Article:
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Study Update: The Anti-Cancer Blood Transfusion

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http://www.sciencentral.com/articles/vi ... =218393125

Comment: An article which was posted a while back, spoke to Dr. Zheng Cui's work at Wake Forest University.

The trials were to begin, but first, the weather (warm and sunny) needed to be in place. It had everything to do with the immune system being at peak during the warmer months.


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Researchers have announced today that they'll soon start human trials of a cancer fighting method that uses blood from people who may be naturally cancer resistant. As this ScienCentral News video explains, for a decade the researchers have studied how this works in mice, and now they've received federal approval to try it in people.

Human Study Approved

In 1999, Wake Forest University cancer researcher Zheng Cui repeatedly subjected a seemingly ordinary laboratory mouse to injections of huge doses of cancer cells that unfailingly killed other laboratory mice at lower doses. He discovered that this unique mouse had the previously unseen ability to remain cancer free. Cui and his team bred the amazing mouse, and learned that this cancer resistance was passed on to the mouse's offspring in an autosomal dominant pattern, meaning it is likely due to a mutation in a single gene.

They still haven't found that gene, but that hasn't stopped Cui from pursuing treatment implications, because it made sense to him from day one that this resistance must also occur in people. "We occasionally run into the stories of someone who had a cancer, and then, a few months later, it disappeared for no obvious reason," he said in 2003. "But in medical research, you cannot go back to the patient and say, âWhat did the body do to get rid of these cancer cells?'"

In mice, you can ask that question

They identified the cancer-killing cells as white blood cells, or leukocytes, part of the innate immune system, and observed that they seek out cancer cells, surround them, and burst them.

Cui, his colleague Mark Willingham, and their team bred a large colony of cancer resistant mice and decided to transfer these cells from the cancer resistant mice to normal mice afflicted with advanced cancers. The infusions cured the cancers in the ordinary mice "100 percent of the time," Cui said.

"Cancer cells had already developed a large tumor in the mice, and at a different place [than] where we put the immune cells in," says Cui, "That would require the immune cells to find them at a different part of the body and then track them down to the site and destroy the cancer cells."

Additionally, these immune system cells only harm cancer cells, allowing the mouse to remain perfectly healthy.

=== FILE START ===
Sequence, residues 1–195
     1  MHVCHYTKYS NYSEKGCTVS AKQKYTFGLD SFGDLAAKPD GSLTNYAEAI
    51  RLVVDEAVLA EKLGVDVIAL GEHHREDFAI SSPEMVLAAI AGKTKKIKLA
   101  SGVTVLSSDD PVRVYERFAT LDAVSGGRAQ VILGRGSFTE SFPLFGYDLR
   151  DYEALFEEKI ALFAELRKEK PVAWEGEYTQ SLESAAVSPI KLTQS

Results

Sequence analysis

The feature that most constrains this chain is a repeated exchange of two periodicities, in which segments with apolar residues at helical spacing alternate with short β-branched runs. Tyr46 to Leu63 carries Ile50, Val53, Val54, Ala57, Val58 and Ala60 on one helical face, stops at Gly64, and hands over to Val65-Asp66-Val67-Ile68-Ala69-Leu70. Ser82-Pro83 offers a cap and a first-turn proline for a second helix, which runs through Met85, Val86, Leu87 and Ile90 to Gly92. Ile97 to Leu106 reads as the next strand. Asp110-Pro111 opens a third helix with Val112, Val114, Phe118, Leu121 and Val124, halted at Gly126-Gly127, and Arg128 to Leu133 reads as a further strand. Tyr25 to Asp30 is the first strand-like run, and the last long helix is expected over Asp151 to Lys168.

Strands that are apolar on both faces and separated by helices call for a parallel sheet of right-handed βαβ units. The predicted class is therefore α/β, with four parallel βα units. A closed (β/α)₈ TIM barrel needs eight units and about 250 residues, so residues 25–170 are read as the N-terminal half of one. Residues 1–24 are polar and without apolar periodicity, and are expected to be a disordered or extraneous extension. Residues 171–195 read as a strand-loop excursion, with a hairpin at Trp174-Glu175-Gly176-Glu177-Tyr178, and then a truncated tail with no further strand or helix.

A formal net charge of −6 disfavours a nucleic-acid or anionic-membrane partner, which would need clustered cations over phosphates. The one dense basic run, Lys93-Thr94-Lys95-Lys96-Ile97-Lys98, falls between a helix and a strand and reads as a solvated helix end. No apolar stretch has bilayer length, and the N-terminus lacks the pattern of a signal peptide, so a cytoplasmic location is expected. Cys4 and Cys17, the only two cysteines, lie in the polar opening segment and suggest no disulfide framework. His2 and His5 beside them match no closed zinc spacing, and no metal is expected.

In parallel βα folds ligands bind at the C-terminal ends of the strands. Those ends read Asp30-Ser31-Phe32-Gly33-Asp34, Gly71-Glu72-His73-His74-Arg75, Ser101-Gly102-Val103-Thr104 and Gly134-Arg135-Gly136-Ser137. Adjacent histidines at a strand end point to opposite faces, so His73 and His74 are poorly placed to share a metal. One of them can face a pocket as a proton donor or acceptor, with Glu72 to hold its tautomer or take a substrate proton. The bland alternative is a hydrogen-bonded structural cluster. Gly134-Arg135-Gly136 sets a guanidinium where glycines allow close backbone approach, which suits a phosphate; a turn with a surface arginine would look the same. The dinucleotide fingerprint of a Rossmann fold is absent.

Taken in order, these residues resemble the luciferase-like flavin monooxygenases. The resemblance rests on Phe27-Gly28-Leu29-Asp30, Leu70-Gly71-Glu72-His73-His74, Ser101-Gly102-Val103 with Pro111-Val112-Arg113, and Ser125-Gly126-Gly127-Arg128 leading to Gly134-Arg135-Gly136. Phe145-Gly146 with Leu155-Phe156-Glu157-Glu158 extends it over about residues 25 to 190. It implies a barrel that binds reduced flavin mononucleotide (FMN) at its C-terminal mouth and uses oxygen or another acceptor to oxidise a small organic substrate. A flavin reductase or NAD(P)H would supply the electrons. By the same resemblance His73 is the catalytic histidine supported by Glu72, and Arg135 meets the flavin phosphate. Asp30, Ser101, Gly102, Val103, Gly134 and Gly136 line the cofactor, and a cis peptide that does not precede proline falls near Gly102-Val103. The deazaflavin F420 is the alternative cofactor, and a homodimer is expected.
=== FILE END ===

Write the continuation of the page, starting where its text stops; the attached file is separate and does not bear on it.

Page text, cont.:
Time to try it in people?

After learning of this exciting new discovery, many people requested that Cui attempt this procedure in humans. Cui said he felt a moral responsibility to push for human tests.

"If we can identify cancer resistant humans, why not just do the same thing as we did in the mice without knowing the mechanism and to find out whether it will work or not?"

They now have approval to try it. As Cui will describe at a conference sponsored by the Methuselah Foundation, they have developed a test to identify these cancer-killing cells in human blood, and their studies have shown that individual genetic make-ups, different seasons, different ages, and emotional stresses greatly affect these cancer-killing cells.

Furthermore, individuals whose cells have low cancer-killing activity are most often cancer patients. Given this information, it appears that an injection of granulocytes, the part of white blood cells that has the highest cancer-killing activity, from healthy cancer-resistant people to cancer patients would work.

First human trial starting

The pilot study will now begin to recruit as many as 500 potential cell donors to be screened for cancer resistance. They will select donors by testing whether their white blood cells show this same ability to kill human tumor cells in the lab. Their cells will then be used to treat 22 patients with advanced cancers.

Cui notes that this transfusion program is not at all unusual, pointing out that it's similar to the bone marrow transplants that are used in medicine. He says, "If we can offer some clear clinical benefit, it's just like another arrow in the quiver, so to speak, that can give us more weapons to fight against cancer."

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(Science Central News, Making Sense of Science, June 27, 2008)


The information contained in these articles may or may not be in agreement with my own opinions. They are not posted as medical advice of any kind.

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